The snow boat – a Carnevale ogni scherzo vale

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The celebrations for carnival more or less finished this week end with parties for the children (article here) and then later on in the evening, a larger event for the adults outside on the Fosso (article here) .

Fun was had by all but the cold weather meant that only the very hardy were still partying late in the evening and with today’s heavy snow fall which brought traffic to a standstill, you would have thought that any form of “messing about” would have been very unlikely.

But instead, once again on the Fosso this evening just as dusk was falling (along with with the snow) it would appear that the concept of “a Carnevale ogni scherzo vale – at Carnival, anything goes!” was alive and well.

An inflatable boat was being towed behind a car, slipping and sliding across the snow with two inhabitants of Barga attempting to stay on board – ship shape and Bristol fashion*.

What the local police thought of this nautical action is unknown at the moment.

The video as at the end of this article.

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Carnival takes place the forty days prior to Easter and is meant to be a time to indulge in all of the things that one will be deprived of during the restriction of Holy Lent. The celebration ends on ShroveTuesday when everyone gorges themselves with tasty treats in preparation for the long period of fasting starting on Ash Wednesday. Often ‘Carnevale’ is linked to the Italian ‘carne levare’, which means ‘to remove meat’ and is fitting, although the origin of the word is often disputed.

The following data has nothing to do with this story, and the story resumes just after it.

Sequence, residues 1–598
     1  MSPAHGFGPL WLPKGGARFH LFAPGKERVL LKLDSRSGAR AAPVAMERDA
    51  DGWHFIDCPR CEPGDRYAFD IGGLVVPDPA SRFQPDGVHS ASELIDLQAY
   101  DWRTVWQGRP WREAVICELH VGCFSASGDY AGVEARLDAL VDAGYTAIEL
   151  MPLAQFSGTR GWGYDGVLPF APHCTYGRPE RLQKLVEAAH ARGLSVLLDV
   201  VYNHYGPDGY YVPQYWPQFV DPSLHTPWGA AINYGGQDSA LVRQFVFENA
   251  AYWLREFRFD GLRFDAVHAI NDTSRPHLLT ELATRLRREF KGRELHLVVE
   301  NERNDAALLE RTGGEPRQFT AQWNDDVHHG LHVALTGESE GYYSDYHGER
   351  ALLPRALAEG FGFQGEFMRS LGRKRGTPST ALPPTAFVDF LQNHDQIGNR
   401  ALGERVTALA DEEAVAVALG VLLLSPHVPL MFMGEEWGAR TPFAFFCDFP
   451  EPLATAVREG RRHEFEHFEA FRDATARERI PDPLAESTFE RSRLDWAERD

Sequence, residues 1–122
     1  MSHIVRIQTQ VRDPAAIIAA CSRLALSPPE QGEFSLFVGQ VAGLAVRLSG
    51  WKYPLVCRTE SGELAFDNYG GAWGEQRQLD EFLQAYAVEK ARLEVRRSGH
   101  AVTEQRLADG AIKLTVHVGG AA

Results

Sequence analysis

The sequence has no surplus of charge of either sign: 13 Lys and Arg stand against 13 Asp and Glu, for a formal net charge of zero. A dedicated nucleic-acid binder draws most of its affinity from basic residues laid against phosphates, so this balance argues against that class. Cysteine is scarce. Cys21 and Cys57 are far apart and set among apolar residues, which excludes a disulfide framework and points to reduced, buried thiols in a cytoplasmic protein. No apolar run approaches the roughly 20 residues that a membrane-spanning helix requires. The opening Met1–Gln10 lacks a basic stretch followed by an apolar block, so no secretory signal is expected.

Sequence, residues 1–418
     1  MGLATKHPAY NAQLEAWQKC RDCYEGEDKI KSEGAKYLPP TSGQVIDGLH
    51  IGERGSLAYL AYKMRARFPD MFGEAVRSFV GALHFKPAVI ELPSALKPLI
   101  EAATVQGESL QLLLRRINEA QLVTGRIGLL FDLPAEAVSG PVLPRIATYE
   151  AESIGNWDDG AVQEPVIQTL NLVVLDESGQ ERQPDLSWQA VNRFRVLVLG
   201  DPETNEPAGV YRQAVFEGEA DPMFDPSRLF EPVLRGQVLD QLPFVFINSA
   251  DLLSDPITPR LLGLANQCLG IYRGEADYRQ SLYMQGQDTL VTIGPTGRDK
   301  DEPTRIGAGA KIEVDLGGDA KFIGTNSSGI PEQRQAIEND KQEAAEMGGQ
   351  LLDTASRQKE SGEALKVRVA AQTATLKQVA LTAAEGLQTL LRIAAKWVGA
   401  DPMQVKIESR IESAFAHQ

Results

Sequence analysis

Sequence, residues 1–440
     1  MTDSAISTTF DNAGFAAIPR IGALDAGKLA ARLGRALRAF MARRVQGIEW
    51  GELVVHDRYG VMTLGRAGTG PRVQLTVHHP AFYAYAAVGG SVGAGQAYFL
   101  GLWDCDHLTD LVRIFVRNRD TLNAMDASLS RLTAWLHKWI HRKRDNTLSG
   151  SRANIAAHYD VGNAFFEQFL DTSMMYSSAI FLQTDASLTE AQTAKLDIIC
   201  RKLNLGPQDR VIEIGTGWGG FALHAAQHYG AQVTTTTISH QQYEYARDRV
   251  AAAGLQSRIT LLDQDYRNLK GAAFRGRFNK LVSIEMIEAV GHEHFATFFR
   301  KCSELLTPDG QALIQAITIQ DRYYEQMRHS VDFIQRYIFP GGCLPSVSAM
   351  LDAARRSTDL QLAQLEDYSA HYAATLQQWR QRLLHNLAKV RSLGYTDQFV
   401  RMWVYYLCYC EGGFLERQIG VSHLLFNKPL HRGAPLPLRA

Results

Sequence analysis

For centuries there have been parades, dances, and masquerade balls in Italy to mark the occasion. One of the oldest extant documents regarding the use of masks in Venice dates to May 2, 1268, when the citizens where banned from playing a certain game while wearing masks. Nowadays children pelt each other with coriandoli (confetti) and spray silly string, adults attend lavish costume balls, and towns such as Viareggio have a series of parades with spectacular papier–mâché floats. Mischief and pranks are part of the festivites, which is the reason behind the phrase A Carnevale ogni scherzo vale — Anything goes at Carnival.

*’Ship-shape and Bristol fashion’ isn’t widely used outside the UK and even there less so than in earlier times, so a little background may be in order.

Bristol has been an important English seaport for more than a thousand years. The city is actually several miles from the sea and stands on the estuary of the River Avon. Bristol’s habour has one of the most variable tidal flows anywhere in the world and the water level can vary by more than 30 feet between tides. Ships that were moored there were beached at each low tide. Consequently they had to be of sturdy construction and the goods in their holds needed to be securely stowed. The problem was resolved in 1803 with the construction of the Floating Harbour. There’s no absolute proof that the term ‘Bristol fashion’ originates with that geography but the circumstantial evidence seems very strongly in favour of it. – source

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